Mexican voters elected Andres Manuel Lopez Obrador as president based on his promises to combat government and private sector corruption. True to his word, Lopez Obrador has signaled his intention to take the construction of Mexico City's new airport — a project plagued by corruption allegations — to a public vote. Enforcing the results of a nonbinding referendum, however, would put Lopez Obrador in dubious legal territory and hurt investor confidence in Mexico.
On Oct. 16, the legislative heads of Mexico's ruling party, the National Regeneration Movement (Morena), said their party would not financially support a referendum on whether to continue construction of the new Mexico City international airport. The president of the Party of the Democratic Revolution, a Morena ally, said the referendum lacked legal validity and that he would ask the Supreme Court to invalidate it if President-elect Andres Manuel Lopez Obrador attempts to enforce its results. The referendum, which Lopez Obrador has set for Oct. 25-28, would give voters the options of continuing the project — which has been plagued by allegations of $40 million in corruption-related cost overruns — canceling its construction in favor of expanding the existing Mexico City and Toluca airports or building new runways at the Santa Lucia military airbase. The government may also try to reduce costs for some parts of the airport project even if voters choose to continue with its construction.
Why It Matters
The referendum provides a test as to how far Lopez Obrador wishes to stray from normal institutional channels to enforce his populist campaign promises. After all, Lopez Obrador made decisive action against corruption and increased popular participation in referendums — including a vote on the controversial airport — a key part of his political platform on the campaign trail. According to Mexican law, however, Lopez Obrador cannot hold a binding vote on the facility's continued construction as no legal basis exists for such votes on public works projects like airports or for such referendums outside of an election.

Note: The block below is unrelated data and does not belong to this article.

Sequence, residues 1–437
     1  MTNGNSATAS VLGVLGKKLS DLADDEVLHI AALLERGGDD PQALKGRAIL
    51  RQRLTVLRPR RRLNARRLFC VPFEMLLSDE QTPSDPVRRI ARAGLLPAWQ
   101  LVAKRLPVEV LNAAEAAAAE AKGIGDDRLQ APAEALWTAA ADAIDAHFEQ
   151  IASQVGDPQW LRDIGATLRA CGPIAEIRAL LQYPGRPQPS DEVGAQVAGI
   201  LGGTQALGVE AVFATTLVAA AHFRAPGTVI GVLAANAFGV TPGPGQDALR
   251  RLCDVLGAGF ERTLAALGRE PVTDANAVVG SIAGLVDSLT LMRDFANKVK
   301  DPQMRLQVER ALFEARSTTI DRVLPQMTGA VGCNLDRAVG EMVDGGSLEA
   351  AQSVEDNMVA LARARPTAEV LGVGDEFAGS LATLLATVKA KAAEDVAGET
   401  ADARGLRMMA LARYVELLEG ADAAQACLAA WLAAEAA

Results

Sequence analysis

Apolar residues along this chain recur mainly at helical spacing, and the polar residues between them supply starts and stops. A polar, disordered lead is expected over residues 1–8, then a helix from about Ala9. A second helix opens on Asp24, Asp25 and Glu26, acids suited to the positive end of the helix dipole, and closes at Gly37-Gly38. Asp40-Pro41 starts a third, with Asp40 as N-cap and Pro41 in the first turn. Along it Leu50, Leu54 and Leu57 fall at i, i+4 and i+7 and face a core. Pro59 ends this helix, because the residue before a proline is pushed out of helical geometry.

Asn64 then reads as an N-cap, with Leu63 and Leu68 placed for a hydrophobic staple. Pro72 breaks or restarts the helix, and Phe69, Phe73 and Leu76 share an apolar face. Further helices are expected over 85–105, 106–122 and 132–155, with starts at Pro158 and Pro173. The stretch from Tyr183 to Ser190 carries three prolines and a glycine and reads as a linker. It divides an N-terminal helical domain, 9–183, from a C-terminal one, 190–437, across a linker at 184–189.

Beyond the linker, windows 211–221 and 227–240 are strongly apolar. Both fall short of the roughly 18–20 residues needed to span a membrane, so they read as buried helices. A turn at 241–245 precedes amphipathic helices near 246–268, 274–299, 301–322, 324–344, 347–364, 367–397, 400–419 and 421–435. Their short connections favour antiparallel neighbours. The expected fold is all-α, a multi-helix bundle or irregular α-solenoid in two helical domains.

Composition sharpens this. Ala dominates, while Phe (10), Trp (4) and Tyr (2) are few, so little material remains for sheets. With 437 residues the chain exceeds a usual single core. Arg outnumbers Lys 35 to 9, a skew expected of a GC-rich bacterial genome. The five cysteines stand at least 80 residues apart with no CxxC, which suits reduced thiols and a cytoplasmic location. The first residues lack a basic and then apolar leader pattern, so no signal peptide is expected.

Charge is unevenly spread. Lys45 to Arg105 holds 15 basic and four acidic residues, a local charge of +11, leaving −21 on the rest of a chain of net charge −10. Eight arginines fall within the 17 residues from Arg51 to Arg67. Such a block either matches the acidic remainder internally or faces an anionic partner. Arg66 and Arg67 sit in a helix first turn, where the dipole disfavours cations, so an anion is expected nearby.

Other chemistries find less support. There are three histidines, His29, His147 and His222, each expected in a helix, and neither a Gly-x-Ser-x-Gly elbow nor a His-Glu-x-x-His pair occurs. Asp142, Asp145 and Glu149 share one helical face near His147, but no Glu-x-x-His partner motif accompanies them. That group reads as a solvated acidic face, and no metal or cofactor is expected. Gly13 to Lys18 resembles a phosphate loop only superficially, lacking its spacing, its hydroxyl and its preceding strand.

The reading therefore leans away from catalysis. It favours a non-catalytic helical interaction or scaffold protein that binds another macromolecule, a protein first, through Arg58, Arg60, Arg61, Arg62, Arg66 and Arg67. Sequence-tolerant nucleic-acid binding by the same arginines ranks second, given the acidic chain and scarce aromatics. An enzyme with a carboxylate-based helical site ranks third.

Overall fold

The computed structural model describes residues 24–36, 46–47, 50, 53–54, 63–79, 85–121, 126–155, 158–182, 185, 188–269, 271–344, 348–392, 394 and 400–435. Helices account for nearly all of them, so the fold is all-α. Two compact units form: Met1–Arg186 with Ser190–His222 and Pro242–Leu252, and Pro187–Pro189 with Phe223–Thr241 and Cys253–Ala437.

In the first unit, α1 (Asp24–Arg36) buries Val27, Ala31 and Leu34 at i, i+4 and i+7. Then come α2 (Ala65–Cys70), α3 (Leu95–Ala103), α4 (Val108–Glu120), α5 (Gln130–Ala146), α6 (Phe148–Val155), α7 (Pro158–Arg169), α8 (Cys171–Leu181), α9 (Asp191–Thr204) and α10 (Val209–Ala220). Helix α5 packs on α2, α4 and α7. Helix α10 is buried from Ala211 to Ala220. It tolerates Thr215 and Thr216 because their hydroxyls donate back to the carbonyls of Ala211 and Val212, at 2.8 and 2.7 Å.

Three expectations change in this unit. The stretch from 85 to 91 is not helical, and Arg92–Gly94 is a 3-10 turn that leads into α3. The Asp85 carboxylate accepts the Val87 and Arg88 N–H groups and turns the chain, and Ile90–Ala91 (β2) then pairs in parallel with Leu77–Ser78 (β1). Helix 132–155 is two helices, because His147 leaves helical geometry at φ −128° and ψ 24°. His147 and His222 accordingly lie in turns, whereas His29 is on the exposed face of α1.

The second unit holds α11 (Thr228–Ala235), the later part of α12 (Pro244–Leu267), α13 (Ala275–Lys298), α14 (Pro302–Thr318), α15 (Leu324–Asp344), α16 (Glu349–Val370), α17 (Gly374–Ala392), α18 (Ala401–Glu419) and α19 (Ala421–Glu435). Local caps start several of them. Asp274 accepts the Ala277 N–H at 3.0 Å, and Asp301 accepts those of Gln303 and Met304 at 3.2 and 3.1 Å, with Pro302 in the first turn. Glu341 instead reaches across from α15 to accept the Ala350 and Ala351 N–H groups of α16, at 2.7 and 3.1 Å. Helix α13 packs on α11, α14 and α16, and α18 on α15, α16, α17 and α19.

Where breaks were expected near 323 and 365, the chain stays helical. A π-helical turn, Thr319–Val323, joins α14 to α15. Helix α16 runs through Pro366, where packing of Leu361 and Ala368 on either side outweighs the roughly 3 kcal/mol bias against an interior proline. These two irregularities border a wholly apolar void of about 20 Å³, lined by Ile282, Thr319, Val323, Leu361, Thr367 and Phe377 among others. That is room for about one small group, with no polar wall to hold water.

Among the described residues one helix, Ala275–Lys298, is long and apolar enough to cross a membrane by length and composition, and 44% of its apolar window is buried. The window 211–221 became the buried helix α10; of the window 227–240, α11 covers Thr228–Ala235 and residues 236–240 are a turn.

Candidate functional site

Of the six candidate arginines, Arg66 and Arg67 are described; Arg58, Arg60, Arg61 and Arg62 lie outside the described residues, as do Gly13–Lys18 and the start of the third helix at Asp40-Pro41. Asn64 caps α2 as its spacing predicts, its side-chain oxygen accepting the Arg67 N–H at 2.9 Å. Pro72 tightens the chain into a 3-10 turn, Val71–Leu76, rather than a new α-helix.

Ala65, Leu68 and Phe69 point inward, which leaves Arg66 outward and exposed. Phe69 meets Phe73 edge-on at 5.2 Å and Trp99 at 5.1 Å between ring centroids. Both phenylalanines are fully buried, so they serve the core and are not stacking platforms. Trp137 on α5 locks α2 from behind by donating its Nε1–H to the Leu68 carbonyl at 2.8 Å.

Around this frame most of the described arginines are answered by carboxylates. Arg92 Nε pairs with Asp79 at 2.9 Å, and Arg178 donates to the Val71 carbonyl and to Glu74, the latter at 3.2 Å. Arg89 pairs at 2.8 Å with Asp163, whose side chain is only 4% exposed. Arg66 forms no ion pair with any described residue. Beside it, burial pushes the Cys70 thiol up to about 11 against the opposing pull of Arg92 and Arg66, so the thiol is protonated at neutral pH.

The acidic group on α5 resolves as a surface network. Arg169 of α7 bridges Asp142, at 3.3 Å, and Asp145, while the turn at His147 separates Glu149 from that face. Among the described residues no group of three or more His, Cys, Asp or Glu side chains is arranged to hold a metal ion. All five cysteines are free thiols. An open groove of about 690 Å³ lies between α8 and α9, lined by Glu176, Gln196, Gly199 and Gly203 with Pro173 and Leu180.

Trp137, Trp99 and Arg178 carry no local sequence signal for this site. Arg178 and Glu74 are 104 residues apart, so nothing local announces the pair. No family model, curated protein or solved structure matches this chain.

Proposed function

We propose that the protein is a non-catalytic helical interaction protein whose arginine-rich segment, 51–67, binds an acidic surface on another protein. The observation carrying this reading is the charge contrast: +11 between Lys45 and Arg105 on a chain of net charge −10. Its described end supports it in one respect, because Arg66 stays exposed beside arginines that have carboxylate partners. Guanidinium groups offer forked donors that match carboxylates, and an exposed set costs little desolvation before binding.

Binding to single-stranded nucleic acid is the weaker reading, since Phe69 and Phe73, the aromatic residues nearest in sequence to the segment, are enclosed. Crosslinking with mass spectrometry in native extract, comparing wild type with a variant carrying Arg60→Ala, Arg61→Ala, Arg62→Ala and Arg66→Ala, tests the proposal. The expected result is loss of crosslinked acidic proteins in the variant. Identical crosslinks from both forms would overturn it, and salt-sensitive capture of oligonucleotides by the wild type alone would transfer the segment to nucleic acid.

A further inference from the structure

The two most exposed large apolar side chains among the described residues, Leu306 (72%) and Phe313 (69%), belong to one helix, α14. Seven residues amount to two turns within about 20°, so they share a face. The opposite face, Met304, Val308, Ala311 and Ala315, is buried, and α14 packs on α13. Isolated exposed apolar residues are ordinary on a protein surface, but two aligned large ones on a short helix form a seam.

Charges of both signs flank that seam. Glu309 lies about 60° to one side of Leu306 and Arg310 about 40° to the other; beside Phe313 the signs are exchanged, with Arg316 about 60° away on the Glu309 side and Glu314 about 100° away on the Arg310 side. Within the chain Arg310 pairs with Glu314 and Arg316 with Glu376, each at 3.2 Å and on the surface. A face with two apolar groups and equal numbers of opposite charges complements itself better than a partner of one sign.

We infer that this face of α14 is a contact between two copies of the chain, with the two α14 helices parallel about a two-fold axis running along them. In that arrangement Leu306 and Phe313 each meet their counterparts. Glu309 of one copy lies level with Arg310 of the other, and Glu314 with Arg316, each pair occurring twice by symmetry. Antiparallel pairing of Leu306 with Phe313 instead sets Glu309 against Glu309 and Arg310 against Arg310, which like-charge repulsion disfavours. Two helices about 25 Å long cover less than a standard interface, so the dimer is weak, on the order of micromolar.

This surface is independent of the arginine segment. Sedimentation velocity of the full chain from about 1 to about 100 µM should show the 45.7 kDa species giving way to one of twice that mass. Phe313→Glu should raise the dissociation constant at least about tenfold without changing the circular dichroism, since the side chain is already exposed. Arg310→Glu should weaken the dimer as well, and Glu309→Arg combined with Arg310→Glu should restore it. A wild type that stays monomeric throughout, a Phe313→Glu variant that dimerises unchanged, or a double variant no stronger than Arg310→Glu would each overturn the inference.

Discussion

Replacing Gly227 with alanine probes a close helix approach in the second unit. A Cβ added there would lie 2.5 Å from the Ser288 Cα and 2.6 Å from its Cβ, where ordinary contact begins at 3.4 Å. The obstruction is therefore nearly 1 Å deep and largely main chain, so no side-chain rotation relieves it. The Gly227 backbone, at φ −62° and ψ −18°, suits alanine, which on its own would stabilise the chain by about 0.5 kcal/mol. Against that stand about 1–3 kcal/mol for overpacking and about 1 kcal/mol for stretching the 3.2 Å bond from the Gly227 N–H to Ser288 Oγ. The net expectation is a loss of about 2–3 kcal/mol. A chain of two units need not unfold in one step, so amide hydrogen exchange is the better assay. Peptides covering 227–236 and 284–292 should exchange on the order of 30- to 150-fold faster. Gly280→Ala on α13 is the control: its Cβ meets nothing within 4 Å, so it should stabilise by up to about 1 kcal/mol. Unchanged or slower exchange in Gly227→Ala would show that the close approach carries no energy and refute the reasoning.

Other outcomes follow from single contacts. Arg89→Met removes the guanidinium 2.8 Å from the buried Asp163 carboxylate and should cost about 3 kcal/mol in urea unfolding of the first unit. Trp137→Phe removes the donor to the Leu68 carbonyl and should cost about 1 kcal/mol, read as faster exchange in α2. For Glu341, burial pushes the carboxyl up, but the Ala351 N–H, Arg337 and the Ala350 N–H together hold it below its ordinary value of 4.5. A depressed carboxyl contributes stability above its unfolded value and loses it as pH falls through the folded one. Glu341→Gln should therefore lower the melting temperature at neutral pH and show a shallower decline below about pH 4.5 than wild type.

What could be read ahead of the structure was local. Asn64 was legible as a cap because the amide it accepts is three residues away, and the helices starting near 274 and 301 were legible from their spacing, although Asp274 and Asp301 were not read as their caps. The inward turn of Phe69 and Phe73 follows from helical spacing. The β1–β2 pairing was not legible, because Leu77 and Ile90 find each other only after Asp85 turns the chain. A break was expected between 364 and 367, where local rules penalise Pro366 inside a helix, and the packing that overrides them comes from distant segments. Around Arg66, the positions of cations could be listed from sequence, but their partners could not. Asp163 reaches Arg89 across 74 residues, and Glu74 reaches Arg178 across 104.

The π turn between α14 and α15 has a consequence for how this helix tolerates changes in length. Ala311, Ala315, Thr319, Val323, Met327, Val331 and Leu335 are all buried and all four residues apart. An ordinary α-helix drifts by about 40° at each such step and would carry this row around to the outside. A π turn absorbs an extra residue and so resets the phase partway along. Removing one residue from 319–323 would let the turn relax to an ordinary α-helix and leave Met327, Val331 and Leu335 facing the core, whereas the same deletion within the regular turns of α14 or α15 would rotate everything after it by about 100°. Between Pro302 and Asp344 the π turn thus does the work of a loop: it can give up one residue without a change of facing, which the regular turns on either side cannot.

The referendum, however, is significant because Lopez Obrador could try to turn a nonbinding, haphazard vote into policy. No federal electoral authority will count the votes, while it's unclear what private or nongovernmental entity will actually conduct the referendum. A vote against the airport's continued construction could paint Lopez Obrador into a corner, as he would either try to turn it into policy and alienate allies by entering legally dangerous territory or ignore the result and suffer political backlash from followers who expected him to follow through on a major campaign promise. If Lopez Obrador were to opt for the former, investors could become wary of providing funds for projects that could attract scrutiny from the government, whether because of corruption or local resistance.
But there is another layer of importance to the referendum. Lopez Obrador is progressing down a politically disruptive path by trying to hold a potentially controversial vote haphazardly — seeking a congressional vote to change the constitution to permit such a referendum would have created less instability. In theory, Lopez Obrador has the two-thirds majority in each house of Congress and a majority of the state legislatures needed to alter the Mexican Constitution to eventually allow such referendums to legally proceed. His haste to put the airport issue to a public vote on an unrealistic timeline and without funding support, however, is exposing his lack of votes in Congress for constitutional reform — even from his own allies — meaning Mexico's new president is opting for a course of action that will inject a sizable amount of uncertainty into the country's politics.